I need to sell my house fast. But I can’t list it with a realtor. I need to know “what is my house worth?”
Your first instinct is to go to Zillow or Redfin and type in the address. Just like that a value appears like magic on your computer screen. But is it really accurate? You need to ask yourself some questions. Does my house need major repairs? Is my kitchen up to 2023 standards? Should I sell my house for cash without a realtor? Does Zillow know that I need a new roof? Does Redfin take into consideration that I want to sell a rental property and the tenants have caused damage? There are so many questions that need to be taken into consideration before you can determine the value of your house.
Getting the True Value for Your House is not an Exact Science
Zillow and Redfin both use automated valuation models (AVMs) to estimate the value of homes. AVMs use algorithms to analyze publicly available data, such as recent sales of similar homes in the area, to estimate the value of a property.
Zillow’s Zestimate is based on a proprietary algorithm that considers millions of data points, including public records, user-submitted data, and multiple listing service (MLS) data. The algorithm takes into account factors such as the home’s size, location, number of bedrooms and bathrooms, as well as data on local schools, crime, and amenities. Zillow also uses machine learning to improve the accuracy of its Zestimate over time. However, Zillow has acknowledged that the Zestimate is not always accurate, and that it should be used as a starting point for research rather than a definitive value.
Redfin’s home value estimates are also generated using an algorithm that considers publicly available data, including MLS data and public records. The algorithm takes into account factors such as the home’s size, location, number of bedrooms and bathrooms, as well as data on local schools, crime, and amenities. Redfin also uses machine learning to improve the accuracy of its estimates over time. However, like Zillow, Redfin also acknowledges that their estimate may not always be accurate and should be used as a starting point for research rather than a definitive value.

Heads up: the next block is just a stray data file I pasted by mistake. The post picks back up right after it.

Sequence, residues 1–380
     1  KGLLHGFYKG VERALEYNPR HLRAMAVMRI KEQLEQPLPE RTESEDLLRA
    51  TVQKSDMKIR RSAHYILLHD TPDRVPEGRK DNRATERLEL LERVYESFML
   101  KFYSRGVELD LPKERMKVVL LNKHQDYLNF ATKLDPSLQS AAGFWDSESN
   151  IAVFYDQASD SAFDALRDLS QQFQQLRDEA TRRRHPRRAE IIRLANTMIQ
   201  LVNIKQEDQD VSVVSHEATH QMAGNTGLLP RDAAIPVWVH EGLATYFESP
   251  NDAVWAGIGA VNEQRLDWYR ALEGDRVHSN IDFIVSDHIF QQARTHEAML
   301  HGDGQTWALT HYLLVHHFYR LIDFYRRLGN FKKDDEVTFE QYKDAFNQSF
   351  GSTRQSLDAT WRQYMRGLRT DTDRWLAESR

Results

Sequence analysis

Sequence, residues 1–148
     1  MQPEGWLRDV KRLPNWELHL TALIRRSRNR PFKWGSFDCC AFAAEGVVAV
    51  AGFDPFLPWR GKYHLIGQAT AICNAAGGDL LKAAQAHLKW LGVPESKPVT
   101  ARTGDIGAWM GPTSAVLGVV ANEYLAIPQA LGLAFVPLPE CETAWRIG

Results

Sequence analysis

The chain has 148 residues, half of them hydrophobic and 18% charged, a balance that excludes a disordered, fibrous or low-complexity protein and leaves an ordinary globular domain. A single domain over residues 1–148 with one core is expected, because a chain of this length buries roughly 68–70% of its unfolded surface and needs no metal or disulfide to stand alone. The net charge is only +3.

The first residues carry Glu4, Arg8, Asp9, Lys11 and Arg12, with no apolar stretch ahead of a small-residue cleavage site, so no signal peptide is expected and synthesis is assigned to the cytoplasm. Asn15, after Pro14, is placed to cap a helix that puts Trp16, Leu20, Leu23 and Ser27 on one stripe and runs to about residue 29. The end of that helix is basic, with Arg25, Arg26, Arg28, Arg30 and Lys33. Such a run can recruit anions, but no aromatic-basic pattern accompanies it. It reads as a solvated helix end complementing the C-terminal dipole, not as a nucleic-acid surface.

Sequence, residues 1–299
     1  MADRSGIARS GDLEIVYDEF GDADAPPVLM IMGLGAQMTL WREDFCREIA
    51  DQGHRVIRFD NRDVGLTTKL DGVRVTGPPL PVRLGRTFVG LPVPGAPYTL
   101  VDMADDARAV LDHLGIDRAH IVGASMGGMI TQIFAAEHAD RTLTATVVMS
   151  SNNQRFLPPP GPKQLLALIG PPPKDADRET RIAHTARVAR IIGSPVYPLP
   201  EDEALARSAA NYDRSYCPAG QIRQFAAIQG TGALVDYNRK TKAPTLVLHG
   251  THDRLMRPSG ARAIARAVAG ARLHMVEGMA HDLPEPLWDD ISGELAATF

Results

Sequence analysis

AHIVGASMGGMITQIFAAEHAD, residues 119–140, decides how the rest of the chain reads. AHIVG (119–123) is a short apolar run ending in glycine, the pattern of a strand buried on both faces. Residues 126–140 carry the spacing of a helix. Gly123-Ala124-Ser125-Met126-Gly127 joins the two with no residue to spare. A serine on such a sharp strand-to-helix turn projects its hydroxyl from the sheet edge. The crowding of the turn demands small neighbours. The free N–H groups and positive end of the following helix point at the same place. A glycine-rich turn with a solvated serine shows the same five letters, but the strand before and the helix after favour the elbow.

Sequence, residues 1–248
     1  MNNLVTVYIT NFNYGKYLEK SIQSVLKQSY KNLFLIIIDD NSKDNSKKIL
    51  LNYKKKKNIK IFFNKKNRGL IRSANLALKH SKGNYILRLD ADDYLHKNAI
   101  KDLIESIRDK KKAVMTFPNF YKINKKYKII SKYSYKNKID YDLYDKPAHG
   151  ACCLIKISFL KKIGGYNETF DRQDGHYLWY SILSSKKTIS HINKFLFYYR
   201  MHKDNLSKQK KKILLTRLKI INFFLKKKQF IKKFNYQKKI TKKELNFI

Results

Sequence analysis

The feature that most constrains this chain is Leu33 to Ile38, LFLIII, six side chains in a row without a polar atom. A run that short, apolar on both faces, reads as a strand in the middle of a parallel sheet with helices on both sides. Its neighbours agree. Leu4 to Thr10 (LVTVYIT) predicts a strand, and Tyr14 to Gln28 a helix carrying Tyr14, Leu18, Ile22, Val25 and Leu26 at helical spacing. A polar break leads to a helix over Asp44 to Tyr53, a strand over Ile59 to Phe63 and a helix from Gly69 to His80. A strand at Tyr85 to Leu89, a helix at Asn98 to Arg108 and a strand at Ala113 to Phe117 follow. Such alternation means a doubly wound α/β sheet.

Both Zillow and Redfin also allow users to submit information about a specific property, such as updates or renovations, which can be used to improve the accuracy of the estimate. Additionally, both companies have a disclaimer on their website that the estimates provided might not always be accurate and should be used as a starting point for research rather than a definitive value.
It’s important to keep in mind that AVMs, such as Zillow’s Zestimate and Redfin’s home value estimates, are based on publicly available data and may not take into account certain factors that can affect a home’s value, such as the condition of the property, upgrades, or unique features. For this reason, it’s always recommended to seek out a professional evaluation for a more accurate estimate of a home’s value.
So How Much Is My House Worth?
That’s the easy part. Zillow and Redfin are great for giving you a baseline estimate, but remember since they use computer models that rely on home sales they don’t take into consideration what repairs (if any) need to be done to your home. What you need is a comprehensive breakdown of your home’s value based on all of the factors involved. Without that, you will not know the true value.
Once you understand how an offer is made on your house, you can seek out an experienced homebuyer, book an appointment and be well on your way to getting the best offer for your house.